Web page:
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Graphs and Data
101 Day of School
Addition- Counting On
Compare and Order Whole Numbers
Compare Length, Area, Temperature
Count on Subtraction
Exploring 2 and 3-Dimensional Figures
Place Value- Comparing Numbers
Place Value- Tens and Ones
Place Value-Read and Write Whole Numbers to 99
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Exploring 2 and 3-Dimensional Figures
Exploring 2 and 3 Dimensional Figures
2D and 3D Common Assessment (1).doc
sent off Dec. 2012
1.6 Geometry and spatial reasoning. The student uses attributes to identify two- and three-dimensional geometric figures. The student compares and contrasts two- and three-dimensional geometric figures or both.
1.6A Describe and identify two-dimensional geometric figure including circles, triangles, rectangles and squares (a special type of rectangle).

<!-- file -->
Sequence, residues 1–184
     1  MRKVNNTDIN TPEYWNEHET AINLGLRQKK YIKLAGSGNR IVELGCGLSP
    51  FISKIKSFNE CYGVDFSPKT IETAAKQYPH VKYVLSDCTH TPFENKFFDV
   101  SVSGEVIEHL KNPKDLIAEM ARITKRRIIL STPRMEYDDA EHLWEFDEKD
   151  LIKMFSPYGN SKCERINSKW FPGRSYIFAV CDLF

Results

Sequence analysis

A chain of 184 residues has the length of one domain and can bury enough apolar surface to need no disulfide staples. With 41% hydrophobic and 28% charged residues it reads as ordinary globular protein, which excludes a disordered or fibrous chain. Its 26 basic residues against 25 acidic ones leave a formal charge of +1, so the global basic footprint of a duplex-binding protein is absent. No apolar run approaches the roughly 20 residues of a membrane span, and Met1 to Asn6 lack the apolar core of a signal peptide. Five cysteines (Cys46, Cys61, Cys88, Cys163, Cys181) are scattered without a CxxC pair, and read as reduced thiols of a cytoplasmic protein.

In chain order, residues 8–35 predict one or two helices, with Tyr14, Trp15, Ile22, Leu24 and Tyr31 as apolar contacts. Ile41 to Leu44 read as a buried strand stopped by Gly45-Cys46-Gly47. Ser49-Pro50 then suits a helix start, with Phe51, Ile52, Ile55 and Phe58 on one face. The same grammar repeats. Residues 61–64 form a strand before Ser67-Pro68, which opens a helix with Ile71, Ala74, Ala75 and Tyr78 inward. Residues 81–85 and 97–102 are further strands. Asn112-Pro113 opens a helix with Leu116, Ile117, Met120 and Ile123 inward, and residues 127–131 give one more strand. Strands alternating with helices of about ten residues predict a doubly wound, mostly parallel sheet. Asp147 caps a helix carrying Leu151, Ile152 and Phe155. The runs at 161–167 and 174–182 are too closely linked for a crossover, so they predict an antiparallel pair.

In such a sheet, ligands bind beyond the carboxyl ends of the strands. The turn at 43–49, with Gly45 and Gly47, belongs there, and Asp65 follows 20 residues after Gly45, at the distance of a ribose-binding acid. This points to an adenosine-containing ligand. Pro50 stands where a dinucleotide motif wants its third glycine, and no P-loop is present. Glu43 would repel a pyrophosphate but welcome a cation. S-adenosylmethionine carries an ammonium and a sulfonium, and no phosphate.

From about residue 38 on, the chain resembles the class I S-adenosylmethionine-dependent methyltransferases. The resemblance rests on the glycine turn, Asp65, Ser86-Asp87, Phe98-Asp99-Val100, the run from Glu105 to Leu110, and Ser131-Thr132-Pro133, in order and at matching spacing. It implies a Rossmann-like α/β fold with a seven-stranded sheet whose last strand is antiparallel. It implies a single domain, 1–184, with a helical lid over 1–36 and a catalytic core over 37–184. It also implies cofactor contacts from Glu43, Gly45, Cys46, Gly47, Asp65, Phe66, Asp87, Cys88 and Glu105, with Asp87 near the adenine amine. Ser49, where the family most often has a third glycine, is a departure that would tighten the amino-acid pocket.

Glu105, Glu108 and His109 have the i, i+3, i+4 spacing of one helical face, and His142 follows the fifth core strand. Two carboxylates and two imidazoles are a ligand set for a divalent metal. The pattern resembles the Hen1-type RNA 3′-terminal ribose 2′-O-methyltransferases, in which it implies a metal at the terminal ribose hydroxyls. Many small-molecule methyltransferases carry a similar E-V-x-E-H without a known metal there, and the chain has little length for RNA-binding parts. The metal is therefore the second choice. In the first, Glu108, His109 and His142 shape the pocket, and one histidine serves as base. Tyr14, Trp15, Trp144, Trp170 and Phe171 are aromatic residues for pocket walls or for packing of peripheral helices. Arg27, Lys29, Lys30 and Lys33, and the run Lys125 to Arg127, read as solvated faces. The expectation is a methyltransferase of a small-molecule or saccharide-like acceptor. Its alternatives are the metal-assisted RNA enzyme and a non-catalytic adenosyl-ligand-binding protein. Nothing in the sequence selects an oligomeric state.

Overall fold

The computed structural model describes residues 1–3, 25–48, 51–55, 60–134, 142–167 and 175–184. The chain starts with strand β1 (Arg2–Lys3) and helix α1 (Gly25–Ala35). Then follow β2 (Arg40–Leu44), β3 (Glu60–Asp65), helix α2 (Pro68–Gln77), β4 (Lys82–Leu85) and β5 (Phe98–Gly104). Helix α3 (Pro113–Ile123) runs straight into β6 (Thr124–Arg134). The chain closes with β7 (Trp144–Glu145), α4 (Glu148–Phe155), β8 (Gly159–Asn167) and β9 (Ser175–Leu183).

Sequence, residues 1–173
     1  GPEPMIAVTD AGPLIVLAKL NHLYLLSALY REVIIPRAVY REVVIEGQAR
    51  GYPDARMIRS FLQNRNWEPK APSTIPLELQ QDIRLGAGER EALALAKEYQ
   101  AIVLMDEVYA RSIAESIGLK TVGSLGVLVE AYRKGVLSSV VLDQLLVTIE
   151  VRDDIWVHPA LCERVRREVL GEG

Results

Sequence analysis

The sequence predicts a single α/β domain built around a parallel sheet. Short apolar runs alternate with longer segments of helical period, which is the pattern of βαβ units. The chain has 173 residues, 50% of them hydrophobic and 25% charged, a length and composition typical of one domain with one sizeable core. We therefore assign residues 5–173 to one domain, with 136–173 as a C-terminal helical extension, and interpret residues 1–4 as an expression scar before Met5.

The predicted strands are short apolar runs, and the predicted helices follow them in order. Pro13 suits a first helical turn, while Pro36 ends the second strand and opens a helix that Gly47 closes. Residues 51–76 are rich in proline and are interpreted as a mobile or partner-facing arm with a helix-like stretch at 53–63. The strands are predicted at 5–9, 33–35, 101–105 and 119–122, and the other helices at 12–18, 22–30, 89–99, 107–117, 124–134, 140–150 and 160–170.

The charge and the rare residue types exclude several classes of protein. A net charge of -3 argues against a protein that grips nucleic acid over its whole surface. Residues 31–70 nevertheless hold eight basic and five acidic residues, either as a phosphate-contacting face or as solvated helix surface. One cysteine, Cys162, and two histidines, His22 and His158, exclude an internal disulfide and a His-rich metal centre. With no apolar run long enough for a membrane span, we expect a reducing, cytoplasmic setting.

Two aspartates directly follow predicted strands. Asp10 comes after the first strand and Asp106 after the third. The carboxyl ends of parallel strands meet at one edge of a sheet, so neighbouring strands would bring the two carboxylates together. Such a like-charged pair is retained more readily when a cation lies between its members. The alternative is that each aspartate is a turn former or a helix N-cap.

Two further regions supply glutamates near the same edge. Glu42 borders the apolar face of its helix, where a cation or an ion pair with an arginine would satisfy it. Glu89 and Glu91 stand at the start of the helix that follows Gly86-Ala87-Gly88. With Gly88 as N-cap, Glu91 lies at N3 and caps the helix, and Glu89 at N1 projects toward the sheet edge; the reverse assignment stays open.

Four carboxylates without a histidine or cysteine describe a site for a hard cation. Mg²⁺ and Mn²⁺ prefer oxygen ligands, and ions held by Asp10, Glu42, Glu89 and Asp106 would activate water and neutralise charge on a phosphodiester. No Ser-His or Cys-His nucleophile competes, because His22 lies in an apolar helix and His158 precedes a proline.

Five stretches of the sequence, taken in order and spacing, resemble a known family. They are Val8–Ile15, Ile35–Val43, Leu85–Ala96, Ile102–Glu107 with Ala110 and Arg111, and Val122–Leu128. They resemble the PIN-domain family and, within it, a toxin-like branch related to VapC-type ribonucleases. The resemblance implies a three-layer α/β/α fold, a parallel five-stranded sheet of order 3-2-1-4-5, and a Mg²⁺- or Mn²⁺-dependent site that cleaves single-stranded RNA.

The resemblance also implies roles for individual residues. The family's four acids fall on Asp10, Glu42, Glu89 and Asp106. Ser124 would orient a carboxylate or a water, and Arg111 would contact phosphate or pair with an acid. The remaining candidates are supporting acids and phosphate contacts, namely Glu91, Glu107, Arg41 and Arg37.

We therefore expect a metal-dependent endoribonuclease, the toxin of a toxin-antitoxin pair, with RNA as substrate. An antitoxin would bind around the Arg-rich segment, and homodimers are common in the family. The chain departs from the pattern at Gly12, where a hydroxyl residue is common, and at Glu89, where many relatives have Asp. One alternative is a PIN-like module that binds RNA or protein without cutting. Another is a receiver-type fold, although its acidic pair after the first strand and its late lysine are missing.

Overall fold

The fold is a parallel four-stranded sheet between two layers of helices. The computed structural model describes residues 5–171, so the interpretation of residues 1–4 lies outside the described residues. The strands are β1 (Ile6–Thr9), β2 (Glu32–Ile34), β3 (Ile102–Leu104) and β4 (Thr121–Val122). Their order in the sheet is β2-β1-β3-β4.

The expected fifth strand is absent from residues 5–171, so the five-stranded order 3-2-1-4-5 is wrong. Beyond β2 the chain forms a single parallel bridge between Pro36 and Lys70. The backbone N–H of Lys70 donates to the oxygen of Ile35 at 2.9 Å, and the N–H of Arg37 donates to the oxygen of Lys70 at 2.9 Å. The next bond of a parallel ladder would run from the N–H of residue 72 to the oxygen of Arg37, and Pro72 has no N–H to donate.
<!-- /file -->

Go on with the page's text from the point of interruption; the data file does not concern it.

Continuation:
1.6B Describe and identify three-dimensional geometric figures, including spheres, rectangular prisms (including cubes), cylinders, and cones.
1.6C Describe and identify two- and three-dimensional geometric figures in order to sort them according to a given attribute using informal and formal language.
1.6D Use concrete models to combine two-dimensional geometric figures to make new geometric figures
Draws and verbally describes attributes of circles, triangles, rectangles and squares.
Builds shapes using manipulatives
Recognizes that a square is a special type of rectangle and explains using informal and formal language. Informal language: Both the rectangle and the square have 4 sides and 4 corners where all the corners are the same, but for the square, all the sides are also the same. Formal language: 4 sides, 4 congruent angles; squares have 4 congruent sides; the point at the corners: vertex; they have 4 vertices. (Note: The term “right angle” is not introduced in the TEKS until grade 4.)